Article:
Dora Ann Hatch | 10/9/2015 11:37:22 PM
The tourism industry in Louisiana boasts many trails: culinary, hiking, paddling, golf, sugar, holiday lights, nature, birding, recreational, history, black history and creole just to name a few. What all these trails have in common is that they direct tourists to destinations. The economic impacts on communities where these trails are located oftentimes are not documented, but people who travel tend to spend money on food, lodging and other items.
So, would trail development be right for you and your community? Why not consider offering an Agritourism Trail linking all things agricultural. We have lots to see in Louisiana, but we need to organize destinations and events and publicize them. Trails can be year-round or for a specific time period. They can focus on one theme or themes with a logical relationship to each other.
Many states including our own have designated trails that are highly publicized by tourism offices. But, there are many more exciting places that will remain unnoticed unless venue owners decide to create the trail themselves. To accomplish this, one must learn about trail development.
Agritourism operators should capitalize on this opportunity to create a trail. In previous articles, I’ve mentioned the Arts and Eats trail in Michigan. This trail is open only two days out of the year and yet attracts many tourists. It’s self-guided, has excellent road signage and takes tourists through several counties to visit working farms. The trail allows the traveler to see where food and fiber are grown and then suggests eateries where you can experience the local grown foods. Visit www.artsandeats.org for more information.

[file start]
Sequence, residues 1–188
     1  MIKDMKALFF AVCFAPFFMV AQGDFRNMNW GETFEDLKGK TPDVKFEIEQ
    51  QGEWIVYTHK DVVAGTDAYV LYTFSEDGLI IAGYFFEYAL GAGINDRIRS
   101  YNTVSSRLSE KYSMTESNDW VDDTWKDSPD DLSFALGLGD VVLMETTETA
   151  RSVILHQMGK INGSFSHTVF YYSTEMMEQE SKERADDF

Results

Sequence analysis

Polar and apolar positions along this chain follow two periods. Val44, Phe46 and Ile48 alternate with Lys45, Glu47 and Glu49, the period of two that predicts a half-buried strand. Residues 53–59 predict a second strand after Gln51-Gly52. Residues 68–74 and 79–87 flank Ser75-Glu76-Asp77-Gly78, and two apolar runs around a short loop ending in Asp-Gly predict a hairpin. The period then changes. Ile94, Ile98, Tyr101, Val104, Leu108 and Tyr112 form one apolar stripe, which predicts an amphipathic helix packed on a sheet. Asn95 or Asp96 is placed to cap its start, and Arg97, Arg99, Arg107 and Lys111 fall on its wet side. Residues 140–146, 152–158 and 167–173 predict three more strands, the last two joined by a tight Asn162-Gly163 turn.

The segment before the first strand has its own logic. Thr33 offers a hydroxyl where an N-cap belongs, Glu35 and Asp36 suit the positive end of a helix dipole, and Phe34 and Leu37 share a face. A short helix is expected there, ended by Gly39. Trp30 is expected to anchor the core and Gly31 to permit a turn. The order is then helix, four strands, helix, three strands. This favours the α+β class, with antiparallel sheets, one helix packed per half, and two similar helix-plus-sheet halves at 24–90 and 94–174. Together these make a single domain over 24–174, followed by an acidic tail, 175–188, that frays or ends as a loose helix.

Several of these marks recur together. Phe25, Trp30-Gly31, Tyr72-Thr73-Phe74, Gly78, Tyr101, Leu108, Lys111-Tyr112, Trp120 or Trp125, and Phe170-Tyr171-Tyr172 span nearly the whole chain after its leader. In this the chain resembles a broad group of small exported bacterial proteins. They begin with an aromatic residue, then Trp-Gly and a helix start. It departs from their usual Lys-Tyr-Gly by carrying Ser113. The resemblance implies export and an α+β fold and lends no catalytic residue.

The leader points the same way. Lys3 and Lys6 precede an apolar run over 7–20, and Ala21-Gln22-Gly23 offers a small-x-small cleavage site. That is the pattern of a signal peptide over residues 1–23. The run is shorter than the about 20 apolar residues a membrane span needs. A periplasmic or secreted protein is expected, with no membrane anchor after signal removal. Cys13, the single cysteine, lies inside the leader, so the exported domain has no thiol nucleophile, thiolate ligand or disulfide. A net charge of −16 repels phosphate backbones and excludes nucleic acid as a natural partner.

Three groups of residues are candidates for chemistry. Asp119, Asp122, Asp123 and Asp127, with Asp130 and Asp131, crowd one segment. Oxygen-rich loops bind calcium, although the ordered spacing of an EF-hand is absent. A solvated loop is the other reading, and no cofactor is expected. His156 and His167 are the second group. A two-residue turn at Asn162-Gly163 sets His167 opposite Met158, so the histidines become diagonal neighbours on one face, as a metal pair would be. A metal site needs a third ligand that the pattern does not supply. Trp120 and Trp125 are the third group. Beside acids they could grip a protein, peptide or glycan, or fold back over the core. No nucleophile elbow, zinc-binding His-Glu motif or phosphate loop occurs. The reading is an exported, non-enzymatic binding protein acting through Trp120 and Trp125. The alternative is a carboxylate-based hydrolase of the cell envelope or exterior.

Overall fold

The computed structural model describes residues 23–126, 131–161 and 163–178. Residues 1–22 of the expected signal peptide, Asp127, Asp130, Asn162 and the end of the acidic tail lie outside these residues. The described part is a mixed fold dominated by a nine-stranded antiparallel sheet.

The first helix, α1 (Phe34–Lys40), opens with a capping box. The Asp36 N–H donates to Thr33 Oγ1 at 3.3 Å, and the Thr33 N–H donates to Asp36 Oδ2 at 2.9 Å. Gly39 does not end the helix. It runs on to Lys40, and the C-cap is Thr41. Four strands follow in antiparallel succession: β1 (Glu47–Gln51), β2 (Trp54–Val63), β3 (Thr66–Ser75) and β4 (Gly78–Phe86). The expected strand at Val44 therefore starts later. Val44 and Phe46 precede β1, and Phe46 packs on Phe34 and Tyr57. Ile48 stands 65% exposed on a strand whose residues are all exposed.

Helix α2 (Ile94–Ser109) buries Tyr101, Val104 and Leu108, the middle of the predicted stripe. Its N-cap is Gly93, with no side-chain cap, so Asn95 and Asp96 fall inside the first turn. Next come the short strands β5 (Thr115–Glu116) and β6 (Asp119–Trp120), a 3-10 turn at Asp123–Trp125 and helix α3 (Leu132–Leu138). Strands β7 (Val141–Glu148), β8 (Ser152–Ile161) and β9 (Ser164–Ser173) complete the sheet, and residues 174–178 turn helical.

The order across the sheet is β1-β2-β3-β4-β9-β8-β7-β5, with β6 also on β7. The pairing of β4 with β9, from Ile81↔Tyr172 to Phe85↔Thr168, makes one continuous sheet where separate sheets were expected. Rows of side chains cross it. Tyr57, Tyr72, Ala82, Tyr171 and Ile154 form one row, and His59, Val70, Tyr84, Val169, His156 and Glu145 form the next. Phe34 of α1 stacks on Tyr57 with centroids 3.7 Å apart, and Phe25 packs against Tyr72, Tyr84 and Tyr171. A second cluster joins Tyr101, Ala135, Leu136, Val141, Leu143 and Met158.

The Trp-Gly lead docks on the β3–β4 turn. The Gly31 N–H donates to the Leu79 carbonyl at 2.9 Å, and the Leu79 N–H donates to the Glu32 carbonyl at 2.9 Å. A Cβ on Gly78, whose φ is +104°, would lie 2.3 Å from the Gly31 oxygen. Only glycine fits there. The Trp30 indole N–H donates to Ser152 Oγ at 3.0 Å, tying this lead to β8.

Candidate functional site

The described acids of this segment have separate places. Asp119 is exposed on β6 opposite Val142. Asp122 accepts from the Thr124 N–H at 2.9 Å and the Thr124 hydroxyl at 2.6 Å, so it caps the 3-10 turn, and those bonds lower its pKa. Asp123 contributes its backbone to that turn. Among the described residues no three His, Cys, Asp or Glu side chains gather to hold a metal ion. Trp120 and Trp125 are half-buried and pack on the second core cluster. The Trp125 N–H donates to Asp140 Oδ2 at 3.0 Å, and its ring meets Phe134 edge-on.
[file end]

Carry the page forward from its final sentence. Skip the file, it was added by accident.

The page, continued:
This type of trail development is possible in Louisiana. With our diversification of agriculture across the state, one could create trails that offer something for everyone in their travel group. For example, go horseback riding through forest lands and return to a chuck wagon setting that provides an evening meal or maybe a stay in a cabin. Wake up the next morning and head to a neighboring farm to select your own eggs for breakfast. Then it’s off to help feed the animals on the farm. End the day with a walk in the woods and list the wildlife you’ve seen along the way.
Whatever you decide to promote, packaging venues is a great way to get tourists to stay in your area longer. Working with neighboring agritourism operators will increase sales.
Perhaps, it’s time for you to consider a trail. As the agritourism coordinator with the LSU AgCenter I’m available to assist you with agricultural related trails.